2012-01-01

117

Final Report for Bio-Inspired Approaches to Moving-Target Defense Strategies  

SciTech Connect

This report records the work and contributions of the NITRD-funded Bio-Inspired Approaches to Moving-Target Defense Strategies project performed by Pacific Northwest National Laboratory under the technical guidance of the National Security Agency’s R6 division. The project has incorporated a number of bio-inspired cyber defensive technologies within an elastic framework provided by the Digital Ants. This project has created the first scalable, real-world prototype of the Digital Ants Framework (DAF)[11] and integrated five technologies into this flexible, decentralized framework: (1) Ant-Based Cyber Defense (ABCD), (2) Behavioral Indicators, (3) Bioinformatic Clas- sification, (4) Moving-Target Reconfiguration, and (5) Ambient Collaboration. The DAF can be used operationally to decentralize many such data intensive applications that normally rely on collection of large amounts of data in a central repository. In this work, we have shown how these component applications may be decentralized and may perform analysis at the edge. Operationally, this will enable analytics to scale far beyond current limitations while not suffering from the bandwidth or computational limitations of centralized analysis. This effort has advanced the R6 Cyber Security research program to secure digital infrastructures by developing a dynamic means to adaptively defend complex cyber systems. We hope that this work will benefit both our client’s efforts in system behavior modeling and cyber security to the overall benefit of the nation.

Fink, Glenn A.; Oehmen, Christopher S.

2012-09-01

118

Garland Science 2009 The concept of an immune system-the defense of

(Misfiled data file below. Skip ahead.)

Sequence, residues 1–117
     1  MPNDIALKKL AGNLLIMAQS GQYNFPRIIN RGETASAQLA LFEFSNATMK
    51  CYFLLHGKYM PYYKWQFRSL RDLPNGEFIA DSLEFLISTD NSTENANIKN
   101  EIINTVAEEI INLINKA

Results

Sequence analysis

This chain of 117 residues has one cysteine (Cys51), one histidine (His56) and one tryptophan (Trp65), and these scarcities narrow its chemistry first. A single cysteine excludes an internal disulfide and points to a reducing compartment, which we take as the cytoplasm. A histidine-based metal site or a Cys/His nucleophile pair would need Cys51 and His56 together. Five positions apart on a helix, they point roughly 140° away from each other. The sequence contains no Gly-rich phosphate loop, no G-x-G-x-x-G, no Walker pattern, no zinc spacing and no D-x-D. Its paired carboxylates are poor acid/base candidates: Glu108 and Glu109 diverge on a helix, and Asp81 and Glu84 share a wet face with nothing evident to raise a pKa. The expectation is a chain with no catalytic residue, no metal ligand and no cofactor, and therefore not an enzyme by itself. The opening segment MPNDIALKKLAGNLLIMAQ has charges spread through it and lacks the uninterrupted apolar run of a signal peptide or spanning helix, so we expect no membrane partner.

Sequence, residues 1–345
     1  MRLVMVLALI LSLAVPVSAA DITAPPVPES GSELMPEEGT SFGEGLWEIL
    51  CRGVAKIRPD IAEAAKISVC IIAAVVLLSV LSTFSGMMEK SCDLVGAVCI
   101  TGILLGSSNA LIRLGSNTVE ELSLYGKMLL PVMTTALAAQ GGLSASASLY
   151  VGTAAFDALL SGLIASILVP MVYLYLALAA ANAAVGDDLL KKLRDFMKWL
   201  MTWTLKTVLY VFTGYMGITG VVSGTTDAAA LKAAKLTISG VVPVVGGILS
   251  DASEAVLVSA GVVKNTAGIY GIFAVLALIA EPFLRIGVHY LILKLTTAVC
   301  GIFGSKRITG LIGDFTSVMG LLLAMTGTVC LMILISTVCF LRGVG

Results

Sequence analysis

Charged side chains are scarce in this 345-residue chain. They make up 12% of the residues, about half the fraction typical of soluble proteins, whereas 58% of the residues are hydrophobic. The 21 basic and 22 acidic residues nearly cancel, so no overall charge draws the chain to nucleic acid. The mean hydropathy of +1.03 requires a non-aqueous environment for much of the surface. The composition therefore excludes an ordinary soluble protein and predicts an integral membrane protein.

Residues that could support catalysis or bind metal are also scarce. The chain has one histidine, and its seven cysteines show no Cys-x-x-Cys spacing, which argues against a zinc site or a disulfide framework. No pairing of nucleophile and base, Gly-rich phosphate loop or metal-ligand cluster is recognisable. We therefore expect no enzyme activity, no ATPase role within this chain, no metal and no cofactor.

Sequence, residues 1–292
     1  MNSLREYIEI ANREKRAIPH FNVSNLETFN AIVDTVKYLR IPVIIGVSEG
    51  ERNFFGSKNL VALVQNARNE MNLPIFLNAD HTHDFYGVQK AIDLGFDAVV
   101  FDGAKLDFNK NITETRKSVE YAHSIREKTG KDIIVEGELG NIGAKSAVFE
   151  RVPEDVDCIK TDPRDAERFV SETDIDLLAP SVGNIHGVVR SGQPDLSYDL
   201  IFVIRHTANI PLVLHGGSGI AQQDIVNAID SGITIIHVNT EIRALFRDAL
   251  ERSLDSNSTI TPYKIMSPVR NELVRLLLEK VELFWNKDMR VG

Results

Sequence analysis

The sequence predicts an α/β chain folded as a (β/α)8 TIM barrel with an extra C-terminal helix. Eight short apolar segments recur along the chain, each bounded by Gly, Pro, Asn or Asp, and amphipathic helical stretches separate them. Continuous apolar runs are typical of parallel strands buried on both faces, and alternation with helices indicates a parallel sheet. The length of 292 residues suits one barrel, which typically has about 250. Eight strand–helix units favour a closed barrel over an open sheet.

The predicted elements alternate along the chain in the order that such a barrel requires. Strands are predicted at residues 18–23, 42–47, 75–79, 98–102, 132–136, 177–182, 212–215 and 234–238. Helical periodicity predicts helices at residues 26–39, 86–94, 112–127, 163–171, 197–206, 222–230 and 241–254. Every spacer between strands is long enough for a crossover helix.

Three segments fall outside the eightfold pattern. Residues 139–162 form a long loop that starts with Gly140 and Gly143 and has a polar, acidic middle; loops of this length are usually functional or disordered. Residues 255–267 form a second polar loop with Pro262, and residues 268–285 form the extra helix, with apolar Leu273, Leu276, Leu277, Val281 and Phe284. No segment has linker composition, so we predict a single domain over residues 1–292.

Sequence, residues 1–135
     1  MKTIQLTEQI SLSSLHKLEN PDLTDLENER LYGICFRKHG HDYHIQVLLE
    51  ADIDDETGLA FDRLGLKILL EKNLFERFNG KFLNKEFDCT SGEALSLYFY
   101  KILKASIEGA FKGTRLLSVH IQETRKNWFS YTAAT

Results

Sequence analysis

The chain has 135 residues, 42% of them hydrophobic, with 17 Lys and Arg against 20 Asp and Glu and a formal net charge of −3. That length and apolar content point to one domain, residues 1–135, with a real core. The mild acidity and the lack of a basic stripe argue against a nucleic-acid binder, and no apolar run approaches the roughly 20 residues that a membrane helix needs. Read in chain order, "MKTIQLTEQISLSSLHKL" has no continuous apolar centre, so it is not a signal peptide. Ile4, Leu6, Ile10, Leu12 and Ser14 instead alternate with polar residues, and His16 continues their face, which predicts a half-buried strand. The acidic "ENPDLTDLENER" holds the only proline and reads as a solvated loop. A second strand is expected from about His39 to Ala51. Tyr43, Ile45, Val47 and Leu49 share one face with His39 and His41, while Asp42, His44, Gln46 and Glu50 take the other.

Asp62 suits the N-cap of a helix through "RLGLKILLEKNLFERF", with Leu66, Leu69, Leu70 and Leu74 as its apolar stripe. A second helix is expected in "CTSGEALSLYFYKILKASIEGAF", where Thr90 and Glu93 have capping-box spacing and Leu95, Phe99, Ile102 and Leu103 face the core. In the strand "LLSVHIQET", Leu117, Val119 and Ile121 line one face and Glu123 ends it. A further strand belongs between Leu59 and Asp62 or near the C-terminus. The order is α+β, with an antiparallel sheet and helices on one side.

E-print Network

) © Garland Science 2009 Agnathans (jawless fish) Hagfish lamprey Agnathans possess an adaptive by different species - Evolution of the innate immune system - Evolution of the adaptive immune, b) insects and c) mammals are structurally related and the progenitor gene may have been present

Utrecht, Universiteit

119

A Recessive Mutation, Immune Deficiency (imd), Defines Two Distinct Control Pathways in the Drosophila Host Defense  

Microsoft Academic Search

In this paper we report a recessive mutation, immune deficiency (imd), that impairs the inducibility of all genes encoding antibacterial peptides during the immune response of Drosophila. When challenged with bacteria, flies carrying this mutation show a lower survival rate than wild-type flies. We also report that, in contrast to the anti-bacterial peptides, the antifungal peptide drosomycin remains inducible in

Bruno Lemaitre; Elisabeth Kromer-Metzger; Lydia Michaut; Emmanuelle Nicolas; Marie Meister; Philippe Georgel; Jean-Marc Reichhart; Jules A. Hoffmann

1995-01-01

120

Immunity and emotions: Lipopolysaccharide increases defensive behaviours and potentiates despair in mice  

Microsoft Academic Search